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Meet Seun Kuti: The singer-saxophonist's new EP honors revolutionaries (and, yes, he's Fela's son)

He also talks Black Lives Matter, Afrobeat in mainstream music, and touring partner Lauryn Hill.

Artist // Facebook

If his last name sounds familiar, it should.

As the youngest son of legendary Nigerian Afrobeat pioneer Fela Kuti, Seun expressed to his father (at the young age of 9) his wish to sing. It was a move that would ultimately usher him into the lead vocalist role of his father's band, Egypt 80, after the innovator passed away just five years later in 1997.

Since then, Seun has continued to play with the band (of which nearly three-quarters of its current line-up remain musicians of Fela's era) and their new EP, the three-track Struggle Sounds, flawlessly reflects Seun's genetic disposition to both challenging politics and playing a mean saxophone.

Co-produced by Robert Glasper, with track titles including "Gimme My Vote Back" and "African Dreams," the EP aims to honor "every revolutionary who made this possible even before I was born," according to Seun.

REVOLT spoke to the effortlessly-opinionated Seun about the Black Lives Matter movement, his current touring partner Lauryn Hill, the use of Afrobeat in mainstream music, his father's message, and what he hopes people do after hearing Struggle Sounds.

Watch the full interview (and read excerpts) below.

The vocalist-saxophonist and, yes, Fela Kuti's son talks his new EP, the Black Lives Matter movement, Afrobeat in mainstream music, and the true definition of an artist.

On his politically- and socially-charged music: I don't think I’ve written a song that didn't have some kind of political meaning ever in my life. Maybe one song: "Fire Dance." Probably my first record; I didn't want to come out as too serious, so I said, 'Let's put a happy, like, song about nothing,' but since then I haven't been able to bring myself to write that kind of song again.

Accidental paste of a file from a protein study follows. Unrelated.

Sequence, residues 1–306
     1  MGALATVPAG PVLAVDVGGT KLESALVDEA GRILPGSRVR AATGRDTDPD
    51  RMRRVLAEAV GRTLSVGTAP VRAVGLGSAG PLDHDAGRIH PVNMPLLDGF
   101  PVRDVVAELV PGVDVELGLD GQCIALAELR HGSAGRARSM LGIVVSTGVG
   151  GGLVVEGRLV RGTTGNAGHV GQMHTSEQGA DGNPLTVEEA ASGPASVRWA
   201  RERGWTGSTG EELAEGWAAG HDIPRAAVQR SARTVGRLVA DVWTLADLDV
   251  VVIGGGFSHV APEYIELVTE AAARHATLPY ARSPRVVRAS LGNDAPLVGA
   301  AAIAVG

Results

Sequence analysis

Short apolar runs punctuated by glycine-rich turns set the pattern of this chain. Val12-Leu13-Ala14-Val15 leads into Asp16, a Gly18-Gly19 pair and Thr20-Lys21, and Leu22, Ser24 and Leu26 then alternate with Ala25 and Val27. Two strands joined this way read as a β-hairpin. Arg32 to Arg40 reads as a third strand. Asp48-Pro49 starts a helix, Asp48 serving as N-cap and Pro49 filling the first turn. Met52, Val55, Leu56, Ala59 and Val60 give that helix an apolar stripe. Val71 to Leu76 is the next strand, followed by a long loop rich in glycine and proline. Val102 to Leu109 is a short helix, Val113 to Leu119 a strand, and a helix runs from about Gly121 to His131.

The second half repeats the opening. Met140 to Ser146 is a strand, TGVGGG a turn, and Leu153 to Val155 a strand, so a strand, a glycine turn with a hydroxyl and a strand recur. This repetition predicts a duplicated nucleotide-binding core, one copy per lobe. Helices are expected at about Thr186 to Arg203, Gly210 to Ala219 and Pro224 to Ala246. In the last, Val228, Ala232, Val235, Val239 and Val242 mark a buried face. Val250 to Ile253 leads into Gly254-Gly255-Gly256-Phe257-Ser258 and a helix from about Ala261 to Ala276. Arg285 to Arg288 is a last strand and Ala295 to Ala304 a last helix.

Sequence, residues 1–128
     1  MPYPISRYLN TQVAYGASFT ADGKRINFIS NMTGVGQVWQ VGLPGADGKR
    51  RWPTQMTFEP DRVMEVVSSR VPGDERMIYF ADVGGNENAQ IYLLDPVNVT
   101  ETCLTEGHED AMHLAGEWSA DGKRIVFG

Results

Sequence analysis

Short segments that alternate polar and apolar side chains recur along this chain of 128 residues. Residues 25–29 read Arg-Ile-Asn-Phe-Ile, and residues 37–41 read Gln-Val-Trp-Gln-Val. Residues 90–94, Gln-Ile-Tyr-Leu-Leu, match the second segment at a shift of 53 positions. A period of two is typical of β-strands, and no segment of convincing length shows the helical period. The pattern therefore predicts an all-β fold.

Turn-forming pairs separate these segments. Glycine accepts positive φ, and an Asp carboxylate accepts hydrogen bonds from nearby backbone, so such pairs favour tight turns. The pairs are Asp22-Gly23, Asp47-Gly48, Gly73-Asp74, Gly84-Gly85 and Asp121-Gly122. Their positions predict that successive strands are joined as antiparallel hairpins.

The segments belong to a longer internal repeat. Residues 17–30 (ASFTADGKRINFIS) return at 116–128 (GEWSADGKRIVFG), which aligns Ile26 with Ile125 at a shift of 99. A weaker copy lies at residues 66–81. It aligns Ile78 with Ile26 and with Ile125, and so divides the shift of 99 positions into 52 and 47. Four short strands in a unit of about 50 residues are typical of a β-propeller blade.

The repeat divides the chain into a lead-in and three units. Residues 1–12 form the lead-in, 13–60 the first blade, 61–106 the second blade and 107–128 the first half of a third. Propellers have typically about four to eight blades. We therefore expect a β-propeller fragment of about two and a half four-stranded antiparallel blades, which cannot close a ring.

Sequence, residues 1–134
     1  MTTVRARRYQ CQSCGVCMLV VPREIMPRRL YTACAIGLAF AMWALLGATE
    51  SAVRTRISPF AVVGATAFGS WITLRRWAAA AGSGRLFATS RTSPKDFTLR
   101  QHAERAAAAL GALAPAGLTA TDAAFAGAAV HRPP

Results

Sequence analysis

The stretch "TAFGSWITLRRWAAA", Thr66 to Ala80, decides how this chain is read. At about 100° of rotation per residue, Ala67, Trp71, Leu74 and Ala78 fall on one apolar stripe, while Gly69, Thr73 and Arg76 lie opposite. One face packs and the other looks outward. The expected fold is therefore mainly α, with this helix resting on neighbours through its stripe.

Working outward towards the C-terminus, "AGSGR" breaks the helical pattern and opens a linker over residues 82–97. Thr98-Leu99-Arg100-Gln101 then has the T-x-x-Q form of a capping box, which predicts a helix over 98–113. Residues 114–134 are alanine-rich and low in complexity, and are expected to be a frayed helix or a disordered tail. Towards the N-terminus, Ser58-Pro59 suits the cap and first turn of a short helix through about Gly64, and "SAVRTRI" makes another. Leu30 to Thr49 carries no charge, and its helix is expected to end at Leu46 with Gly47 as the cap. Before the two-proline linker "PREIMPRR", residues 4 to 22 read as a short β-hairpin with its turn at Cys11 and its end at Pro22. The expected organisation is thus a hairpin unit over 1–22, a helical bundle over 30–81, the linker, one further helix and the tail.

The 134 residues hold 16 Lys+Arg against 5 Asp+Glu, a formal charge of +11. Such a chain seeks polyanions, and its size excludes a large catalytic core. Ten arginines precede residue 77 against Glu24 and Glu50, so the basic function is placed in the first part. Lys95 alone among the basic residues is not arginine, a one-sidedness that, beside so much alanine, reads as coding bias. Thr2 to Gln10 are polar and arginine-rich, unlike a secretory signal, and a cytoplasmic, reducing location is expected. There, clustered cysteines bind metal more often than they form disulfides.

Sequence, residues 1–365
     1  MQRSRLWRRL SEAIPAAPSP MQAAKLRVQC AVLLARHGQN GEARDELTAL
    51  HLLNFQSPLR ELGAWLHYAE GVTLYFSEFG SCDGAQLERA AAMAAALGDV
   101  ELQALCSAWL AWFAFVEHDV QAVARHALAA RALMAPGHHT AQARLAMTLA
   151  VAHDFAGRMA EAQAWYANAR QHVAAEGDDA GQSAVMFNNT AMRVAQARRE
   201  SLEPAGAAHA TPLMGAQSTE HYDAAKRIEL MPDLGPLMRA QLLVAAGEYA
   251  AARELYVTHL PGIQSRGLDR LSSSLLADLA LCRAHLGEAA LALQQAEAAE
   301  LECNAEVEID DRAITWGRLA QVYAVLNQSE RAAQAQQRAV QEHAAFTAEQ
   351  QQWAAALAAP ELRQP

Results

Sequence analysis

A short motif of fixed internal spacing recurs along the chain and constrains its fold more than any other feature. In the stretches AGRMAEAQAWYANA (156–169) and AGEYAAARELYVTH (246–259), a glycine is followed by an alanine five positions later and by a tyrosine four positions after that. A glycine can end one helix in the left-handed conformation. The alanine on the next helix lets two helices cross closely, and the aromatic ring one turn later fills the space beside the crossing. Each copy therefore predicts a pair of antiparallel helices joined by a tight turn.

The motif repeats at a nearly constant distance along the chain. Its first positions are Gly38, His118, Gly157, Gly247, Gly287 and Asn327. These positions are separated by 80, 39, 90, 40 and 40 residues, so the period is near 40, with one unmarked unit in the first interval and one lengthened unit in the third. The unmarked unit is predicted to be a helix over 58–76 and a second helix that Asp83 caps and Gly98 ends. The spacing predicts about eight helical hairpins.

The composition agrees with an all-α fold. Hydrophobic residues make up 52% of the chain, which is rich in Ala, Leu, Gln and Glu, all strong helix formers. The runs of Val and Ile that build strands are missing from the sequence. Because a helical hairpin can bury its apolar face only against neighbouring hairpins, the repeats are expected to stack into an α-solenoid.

On artists vs. entertainers: Most real artists are not even famous. Most real artists are not successful financially, commercially. Most people that are called artists are really just entertainers. There’s no depth to them. People write their songs for them. They are packaged like a product and sold to the people in mainstream media as art.

On the Black Lives Matter movement: I like the concept, but I feel like it's waiting for validation. It wants white people to understand that we matter. No. You don't make anybody understand that you matter; people have to know. You have to assert it.... You're not asking. Stop asking. Stop trying to make people see reason. People that hate you will never see reason. They will never understand until they have to understand.

On the incorporation of Afrobeat in mainstream music: It’s pop music. I don't think this is Afrobeat. It doesn't stand for Afrobeat. It’s not Afrobeat in any way, shape, or form, in terms of composition, in terms of arrangement, in terms of message. It's pop music. They are afraid to compete with American pop musicians so they try to come as, 'Oh, we are different,' but it’s all pop music.... They are making the same mistake of trying to pander. They are talented, they have good music, they have catchy lyrics, so sell yourself based on your strengths. Don't pander. Don't be scared.

On Lauryn Hill: I always want to meet black people when the media says they are eccentric and crazy. Once the media start backlashing any black artists, that means the person has got a serious message for the black community.... When I met her, I knew it reinforced my idea; she was so sweet, so thoughtful, so intellectual.... And let's face it: white media hates her because she's not objectifying herself for them, she's not shaking her booty for the old nasty white man, she's not exposing her titties and all that shit so, yeah, I can understand the beef.

On his father Fela Kuti's main goal through music: It's simple. We want the world to be happy in equality.

On what he hopes listeners do after hearing Struggle Sounds: Organize and energize.

Video interview produced by Derek Reed.

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